Friday, August 16, 2019

Construction begun on first 60-acre Ky. greenhouse, part of a plan to get fresher produce to Eastern U.S. consumers

After years of work, Jonathan Webb is finally turning dirt. (Photo by Jessica Tezak for The Wall Street Journal)
In Morehead, Kentucky, ground has been broken on a project that, its founder hopes, will help bring jobs to Eastern Kentucky and supply fresher produce to the Eastern U.S. AppHarvest founder Jonathan Webb plans to build a series of huge greenhouses to grow tomatoes at first. The solar-power professional "has no prior experience in farming, but he has managed to attract $97 million in project financing and a list of noteworthy partners. Ultimately, he plans to spend $1 billion to $2 billion on greenhouses—even if it takes a decade or two," Leigh Kamping-Carder reports for The Wall Street Journal. Investors include Hillbilly Elegy author J.D. Vance and AOL co-founder Steve Case.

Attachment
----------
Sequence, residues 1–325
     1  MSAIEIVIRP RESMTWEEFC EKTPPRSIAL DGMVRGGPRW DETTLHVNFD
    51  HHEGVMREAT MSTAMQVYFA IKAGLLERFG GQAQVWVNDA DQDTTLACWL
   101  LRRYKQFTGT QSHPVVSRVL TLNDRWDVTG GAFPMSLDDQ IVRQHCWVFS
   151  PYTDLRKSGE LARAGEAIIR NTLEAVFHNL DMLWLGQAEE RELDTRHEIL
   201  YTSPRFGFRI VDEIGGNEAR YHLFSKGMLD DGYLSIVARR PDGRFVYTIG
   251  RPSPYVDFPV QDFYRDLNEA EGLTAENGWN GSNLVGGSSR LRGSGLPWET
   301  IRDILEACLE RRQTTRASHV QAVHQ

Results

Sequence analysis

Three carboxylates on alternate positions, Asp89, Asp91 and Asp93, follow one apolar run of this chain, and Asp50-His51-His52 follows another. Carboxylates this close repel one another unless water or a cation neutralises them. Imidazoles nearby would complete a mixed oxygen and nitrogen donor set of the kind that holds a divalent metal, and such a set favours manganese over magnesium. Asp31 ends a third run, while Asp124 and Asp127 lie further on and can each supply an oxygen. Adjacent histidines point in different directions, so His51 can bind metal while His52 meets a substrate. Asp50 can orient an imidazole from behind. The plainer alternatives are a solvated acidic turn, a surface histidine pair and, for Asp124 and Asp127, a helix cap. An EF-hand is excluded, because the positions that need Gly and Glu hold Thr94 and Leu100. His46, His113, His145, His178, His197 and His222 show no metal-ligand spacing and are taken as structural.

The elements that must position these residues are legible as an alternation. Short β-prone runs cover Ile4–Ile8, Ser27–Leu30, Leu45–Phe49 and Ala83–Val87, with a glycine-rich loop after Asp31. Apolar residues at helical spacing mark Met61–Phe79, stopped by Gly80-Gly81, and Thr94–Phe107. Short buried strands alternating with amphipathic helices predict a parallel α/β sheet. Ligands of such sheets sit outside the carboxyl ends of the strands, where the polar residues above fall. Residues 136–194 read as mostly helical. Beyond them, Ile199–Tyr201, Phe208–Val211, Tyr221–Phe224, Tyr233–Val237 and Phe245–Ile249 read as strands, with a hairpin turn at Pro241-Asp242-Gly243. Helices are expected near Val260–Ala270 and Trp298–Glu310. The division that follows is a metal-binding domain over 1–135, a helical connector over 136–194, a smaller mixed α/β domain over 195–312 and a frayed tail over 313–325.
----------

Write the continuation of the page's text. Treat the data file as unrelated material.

The first step is a 60-acre greenhouse that Webb says will be operating by mid-2020. "Compared with traditional farms, indoor farms offset weather-related risks, reduce food waste, use drastically less water and produce more consistent crops. A modern, acre-size greenhouse can yield the same amount of produce as 40 to 50 acres of soil," Kamping-Carder reports. "Produce grown indoors also appeals to changing consumer preferences, as more Americans seek to reduce sugar and processed foods in their diets, eat more locally grown, chemical-free produce, and track the origins of their food."

Webb told Kamping-Carder there's plenty of demand for the product: "If we had 500 acres of supply tomorrow, we could sell all of that supply to U.S. grocers . . . We cannot build fast enough or grow fast enough to meet the demand of grocers or consumers." The project was originally supposed to be on a reclaimed strip mine in far Eastern Kentucky, but that didn't work out; the site is in the Knobs region that lies between the Bluegrass and the Appalachian coalfield.

Kamping-Carder writes that AppHarvest "is one of a growing number of technology-focused agricultural companies seeking to solve the problems of the U.S. food system—among them opaque supply chains, labor shortages, food waste, health and safety issues, higher import costs and an increasingly unpredictable climate—by growing food indoors."

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